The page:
Sometime in December 1865, crew members S.S. Lee, Orris M. Brown, John T. Mason and W.C. Whittle sailed from Liverpool to Buenos Aires, via Bahia, Rio de Janeiro and Montevideo. After prospecting for a while, they went to Rosario, upon Paraná River, and near there bought a small place and began farming. As the animosity of the United States Government began to soften towards them, Brown and Mason returned home; Lee and Whittle returned sometime later.
On returning home, Mason took a law course at the University of Virginia, graduated, and was successful at his profession. He settled in Baltimore, and married Miss Helen Jackson, of New York, daughter of the late Lieutenant Alonzo Jackson of the U.S. Navy.
Whittle returned home to Virginia from Buenos Aires in 1867. Born in Norfolk, Virginia in 1840, an 1858 graduate of the U.S. Naval Academy and an officer in the U.S. Navy before resigning his commission to accept a commission in the Confederate States Navy, Whittle was appointed captain of one of the Bay line steamers running between Baltimore, Norfolk and Portsmouth in 1868 shortly after returning to Virginia and continued in this capacity until 1890. After, he was a Superintendent for the Norfolk and Western Railway Company. In 1902, he became an organizer of the Virginia Bank and Trust Company, Virginia Bank and Trust Building, and served as its Vice President and one of its directors thereafter.
Born in 1824, Captain Waddell was a former U.S. Navy officer with decades of sailing experience and a Mexican–American War naval combat veteran before resigning his commission to accept a commission in the Confederate States Navy. He returned from England to the United States in 1875 to captain the San Francisco for the Pacific Mail Company. He later took command of a force that policed the oyster fleets in the Chesapeake Bay. In 1886, Waddell died of a brain disorder and was buried at St. Anne's Episcopal Church in Annapolis, Maryland.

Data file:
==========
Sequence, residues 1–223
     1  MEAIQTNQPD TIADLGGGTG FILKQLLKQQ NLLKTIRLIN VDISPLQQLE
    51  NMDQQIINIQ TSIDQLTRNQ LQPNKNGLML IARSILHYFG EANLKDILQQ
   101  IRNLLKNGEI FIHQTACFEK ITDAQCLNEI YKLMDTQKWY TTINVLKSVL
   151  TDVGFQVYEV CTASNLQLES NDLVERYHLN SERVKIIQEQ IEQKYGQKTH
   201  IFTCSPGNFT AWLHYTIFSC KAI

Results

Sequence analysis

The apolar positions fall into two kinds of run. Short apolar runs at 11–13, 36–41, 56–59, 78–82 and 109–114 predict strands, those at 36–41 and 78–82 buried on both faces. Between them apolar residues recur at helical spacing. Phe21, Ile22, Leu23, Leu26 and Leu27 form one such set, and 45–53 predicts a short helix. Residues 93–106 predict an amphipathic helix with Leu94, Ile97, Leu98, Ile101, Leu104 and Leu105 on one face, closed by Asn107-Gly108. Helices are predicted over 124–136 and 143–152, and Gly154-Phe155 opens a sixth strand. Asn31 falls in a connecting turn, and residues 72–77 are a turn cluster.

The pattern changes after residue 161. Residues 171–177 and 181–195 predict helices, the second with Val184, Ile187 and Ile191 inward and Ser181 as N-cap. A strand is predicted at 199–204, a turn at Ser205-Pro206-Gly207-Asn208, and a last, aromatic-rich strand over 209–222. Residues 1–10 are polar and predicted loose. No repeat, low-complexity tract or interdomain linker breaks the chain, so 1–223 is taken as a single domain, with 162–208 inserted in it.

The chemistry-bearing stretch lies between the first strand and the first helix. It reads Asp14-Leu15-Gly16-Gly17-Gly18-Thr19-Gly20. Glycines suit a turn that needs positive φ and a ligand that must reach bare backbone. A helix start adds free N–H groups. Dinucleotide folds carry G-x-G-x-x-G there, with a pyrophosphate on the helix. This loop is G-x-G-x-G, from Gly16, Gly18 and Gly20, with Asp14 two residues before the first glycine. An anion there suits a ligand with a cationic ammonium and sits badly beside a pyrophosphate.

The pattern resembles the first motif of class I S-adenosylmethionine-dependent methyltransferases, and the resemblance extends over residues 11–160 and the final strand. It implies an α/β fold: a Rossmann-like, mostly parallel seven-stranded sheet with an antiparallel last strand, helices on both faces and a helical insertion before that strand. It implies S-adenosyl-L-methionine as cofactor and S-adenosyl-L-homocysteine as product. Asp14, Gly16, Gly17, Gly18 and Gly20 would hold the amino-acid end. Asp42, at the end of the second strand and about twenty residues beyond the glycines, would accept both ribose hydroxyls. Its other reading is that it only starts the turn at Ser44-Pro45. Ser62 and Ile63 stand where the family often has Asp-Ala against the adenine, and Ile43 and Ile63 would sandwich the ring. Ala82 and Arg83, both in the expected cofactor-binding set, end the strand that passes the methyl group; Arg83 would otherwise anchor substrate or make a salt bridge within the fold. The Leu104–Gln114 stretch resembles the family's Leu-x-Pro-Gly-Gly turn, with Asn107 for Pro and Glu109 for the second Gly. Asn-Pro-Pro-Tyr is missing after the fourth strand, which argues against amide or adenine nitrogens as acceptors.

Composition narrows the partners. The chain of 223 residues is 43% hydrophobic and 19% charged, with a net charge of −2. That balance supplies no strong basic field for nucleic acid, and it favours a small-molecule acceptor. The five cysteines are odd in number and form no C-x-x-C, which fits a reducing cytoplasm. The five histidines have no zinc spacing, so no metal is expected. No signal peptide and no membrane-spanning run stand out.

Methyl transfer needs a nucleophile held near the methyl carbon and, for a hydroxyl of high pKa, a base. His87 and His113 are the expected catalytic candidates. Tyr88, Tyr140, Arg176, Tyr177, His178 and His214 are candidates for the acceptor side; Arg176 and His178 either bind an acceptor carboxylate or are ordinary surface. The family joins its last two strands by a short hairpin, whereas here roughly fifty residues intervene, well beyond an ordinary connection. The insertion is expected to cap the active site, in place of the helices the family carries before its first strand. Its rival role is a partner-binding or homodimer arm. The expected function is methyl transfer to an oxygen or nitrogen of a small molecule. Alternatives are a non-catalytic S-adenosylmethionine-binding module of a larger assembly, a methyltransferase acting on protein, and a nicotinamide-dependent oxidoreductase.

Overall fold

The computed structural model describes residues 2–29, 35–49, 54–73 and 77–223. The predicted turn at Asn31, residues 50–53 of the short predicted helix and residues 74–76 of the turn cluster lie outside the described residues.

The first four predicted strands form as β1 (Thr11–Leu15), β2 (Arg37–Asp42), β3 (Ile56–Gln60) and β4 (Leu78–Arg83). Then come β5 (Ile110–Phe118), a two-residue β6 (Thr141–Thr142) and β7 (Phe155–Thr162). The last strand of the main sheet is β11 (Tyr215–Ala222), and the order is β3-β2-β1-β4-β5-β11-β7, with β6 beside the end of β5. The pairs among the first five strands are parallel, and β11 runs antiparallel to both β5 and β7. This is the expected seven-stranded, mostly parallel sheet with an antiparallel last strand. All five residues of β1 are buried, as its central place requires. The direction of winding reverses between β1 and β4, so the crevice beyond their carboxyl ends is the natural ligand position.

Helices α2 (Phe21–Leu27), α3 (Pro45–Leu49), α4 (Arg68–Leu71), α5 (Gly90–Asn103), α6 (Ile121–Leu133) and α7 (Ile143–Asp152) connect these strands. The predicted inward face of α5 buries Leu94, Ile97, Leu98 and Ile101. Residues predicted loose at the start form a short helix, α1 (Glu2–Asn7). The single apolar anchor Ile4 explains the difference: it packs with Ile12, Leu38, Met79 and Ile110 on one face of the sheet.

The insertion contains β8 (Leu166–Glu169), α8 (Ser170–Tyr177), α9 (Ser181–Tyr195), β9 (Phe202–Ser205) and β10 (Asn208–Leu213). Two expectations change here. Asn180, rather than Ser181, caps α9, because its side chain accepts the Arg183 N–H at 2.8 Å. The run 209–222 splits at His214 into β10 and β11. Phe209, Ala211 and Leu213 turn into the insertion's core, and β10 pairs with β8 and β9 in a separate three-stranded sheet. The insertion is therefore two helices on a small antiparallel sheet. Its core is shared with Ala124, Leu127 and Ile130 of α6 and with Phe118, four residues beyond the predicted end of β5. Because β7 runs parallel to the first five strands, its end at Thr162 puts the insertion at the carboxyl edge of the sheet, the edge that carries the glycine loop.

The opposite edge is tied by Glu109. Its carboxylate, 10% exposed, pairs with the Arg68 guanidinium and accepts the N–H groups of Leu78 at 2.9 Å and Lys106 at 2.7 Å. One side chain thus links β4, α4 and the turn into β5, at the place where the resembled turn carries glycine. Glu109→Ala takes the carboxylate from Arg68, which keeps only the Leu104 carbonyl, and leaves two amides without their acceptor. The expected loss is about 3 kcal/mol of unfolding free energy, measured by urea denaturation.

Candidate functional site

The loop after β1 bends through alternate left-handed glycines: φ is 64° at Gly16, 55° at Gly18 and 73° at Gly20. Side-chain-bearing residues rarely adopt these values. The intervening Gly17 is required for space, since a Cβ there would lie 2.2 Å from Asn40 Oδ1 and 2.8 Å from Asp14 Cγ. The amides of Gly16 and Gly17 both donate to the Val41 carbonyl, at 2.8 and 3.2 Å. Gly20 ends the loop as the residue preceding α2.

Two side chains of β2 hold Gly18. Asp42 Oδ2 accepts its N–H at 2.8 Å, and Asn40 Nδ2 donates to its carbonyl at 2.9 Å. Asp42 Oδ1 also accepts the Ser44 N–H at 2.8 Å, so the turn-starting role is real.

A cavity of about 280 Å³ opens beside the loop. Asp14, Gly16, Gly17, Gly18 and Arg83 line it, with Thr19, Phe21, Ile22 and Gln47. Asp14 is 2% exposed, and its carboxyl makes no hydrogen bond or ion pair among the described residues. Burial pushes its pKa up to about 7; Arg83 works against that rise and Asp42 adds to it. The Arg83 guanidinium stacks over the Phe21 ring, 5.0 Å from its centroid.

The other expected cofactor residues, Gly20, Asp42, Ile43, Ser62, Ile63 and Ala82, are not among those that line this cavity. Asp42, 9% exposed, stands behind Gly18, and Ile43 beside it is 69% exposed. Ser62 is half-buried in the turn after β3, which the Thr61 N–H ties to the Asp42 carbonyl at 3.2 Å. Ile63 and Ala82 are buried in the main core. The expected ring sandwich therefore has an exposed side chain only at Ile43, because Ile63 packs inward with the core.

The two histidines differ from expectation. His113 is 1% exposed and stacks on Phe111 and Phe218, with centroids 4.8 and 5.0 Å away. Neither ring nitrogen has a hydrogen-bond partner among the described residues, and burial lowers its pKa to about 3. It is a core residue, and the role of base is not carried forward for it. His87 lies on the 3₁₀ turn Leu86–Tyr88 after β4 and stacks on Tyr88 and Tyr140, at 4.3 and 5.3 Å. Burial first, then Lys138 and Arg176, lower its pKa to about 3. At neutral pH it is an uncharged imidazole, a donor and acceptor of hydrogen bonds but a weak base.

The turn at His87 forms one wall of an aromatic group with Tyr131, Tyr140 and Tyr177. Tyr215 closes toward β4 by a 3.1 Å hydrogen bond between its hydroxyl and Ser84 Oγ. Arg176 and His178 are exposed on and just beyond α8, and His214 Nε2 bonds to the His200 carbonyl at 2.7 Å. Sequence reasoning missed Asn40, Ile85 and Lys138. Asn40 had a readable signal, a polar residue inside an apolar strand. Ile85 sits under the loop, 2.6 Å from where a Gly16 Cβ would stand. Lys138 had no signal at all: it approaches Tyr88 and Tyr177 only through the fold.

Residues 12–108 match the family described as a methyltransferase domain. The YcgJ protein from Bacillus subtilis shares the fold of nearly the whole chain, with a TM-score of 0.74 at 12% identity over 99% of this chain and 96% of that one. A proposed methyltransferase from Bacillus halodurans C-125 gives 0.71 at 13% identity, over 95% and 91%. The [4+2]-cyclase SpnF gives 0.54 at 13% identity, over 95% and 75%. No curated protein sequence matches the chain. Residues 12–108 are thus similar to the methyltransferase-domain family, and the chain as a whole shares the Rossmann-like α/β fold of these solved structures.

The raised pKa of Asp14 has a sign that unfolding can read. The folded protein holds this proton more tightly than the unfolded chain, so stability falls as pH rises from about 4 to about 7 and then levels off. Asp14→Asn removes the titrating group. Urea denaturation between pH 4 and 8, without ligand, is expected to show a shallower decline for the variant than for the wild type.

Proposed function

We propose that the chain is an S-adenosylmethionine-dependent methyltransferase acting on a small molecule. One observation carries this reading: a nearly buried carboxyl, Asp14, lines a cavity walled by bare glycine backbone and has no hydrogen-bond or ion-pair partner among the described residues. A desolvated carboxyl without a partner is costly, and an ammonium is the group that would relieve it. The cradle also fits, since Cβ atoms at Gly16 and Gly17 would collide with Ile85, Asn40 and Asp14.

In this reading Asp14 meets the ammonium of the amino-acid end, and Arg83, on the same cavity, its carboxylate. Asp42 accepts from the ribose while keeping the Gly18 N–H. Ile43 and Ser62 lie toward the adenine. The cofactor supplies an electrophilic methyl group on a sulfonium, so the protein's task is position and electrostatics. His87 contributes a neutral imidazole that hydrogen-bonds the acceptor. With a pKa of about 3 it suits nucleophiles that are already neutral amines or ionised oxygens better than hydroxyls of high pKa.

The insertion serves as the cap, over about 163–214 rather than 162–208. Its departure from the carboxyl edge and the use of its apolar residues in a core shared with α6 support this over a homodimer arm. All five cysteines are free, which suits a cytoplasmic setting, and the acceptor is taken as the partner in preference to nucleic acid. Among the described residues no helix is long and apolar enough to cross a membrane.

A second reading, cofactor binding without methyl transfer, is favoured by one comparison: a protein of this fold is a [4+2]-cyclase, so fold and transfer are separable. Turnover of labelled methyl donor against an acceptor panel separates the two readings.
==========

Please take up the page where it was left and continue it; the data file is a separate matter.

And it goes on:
Dr. Frederick J. McNulty, the ship's assistant surgeon, eventually became a resident of Boston, Massachusetts, where he was first employed as Superintendent of the City Lunatic Asylum at Austin Farm and, later, opened there a private sanitarium called Pine Grove Retreat at Roslindale while continuing to reside at 706 Huntington Avenue, Boston. He became a primary historical source for chroniclers of the adventures of the Shenandoah. A man of adventurous and irascible temper, Whittle recounts McNulty having laid the ship's barber out with a single blow when the barber shoved shaving soap in his mouth as part of the crew's hazing of the ship's officers in celebration of crossing the equator. McNulty enlisted as a surgical officer in the Chilean Navy immediately after the surrender of the Shenandoah and later in 1869 accepted a commission in the Cuban Patriot Army, but was repeatedly prevented from traveling to join the Army by U.S. government authorities before settling in Boston in 1879. McNulty is variously reported to have been a native of Ireland, the District of Columbia and Richmond, Virginia, but was most likely a native of Ireland. He graduated from the Georgetown University School of Medicine in the District of Columbia and lived in Richmond, Virginia before resigning his commission in the medical service of the U.S. Navy to accept a commission in the Confederate States Navy. McNulty died at his home in Boston on June 14, 1897, at the age of 62.
In 1866, the United States government, having taken possession of Shenandoah, sold her to Majid bin Said, the first Sultan of Zanzibar, who renamed her El Majidi after himself. On 15 April 1872, a hurricane hit Zanzibar, and El Majidi was one of six ships owned by Seyed Burgash which were blown on shore and wrecked.
Shenandoah had remained at sea for 12 months and 17 days, traversed 58,000 miles (carrying the Confederate flag around the globe for the only time) and sank or captured 38 ships, mostly whalers, all of them American civilian merchant vessels. Waddell took close to one thousand prisoners without a single war casualty among his crew; two men died of disease. The vessel was never involved in conflict against any Union Naval vessel.
During her year-long service as a commerce raider, Shenandoah caused disorder and devastation around the globe for Union merchant shipping. The Confederate cruiser claimed more than 20 prizes valued at nearly $1,400,000 (equivalent to $21,900,000 in 2016). In an important development in international law, the U.S. government pursued claims (collectively called the Alabama Claims) against the British government and, following a court of arbitration, won heavy damages.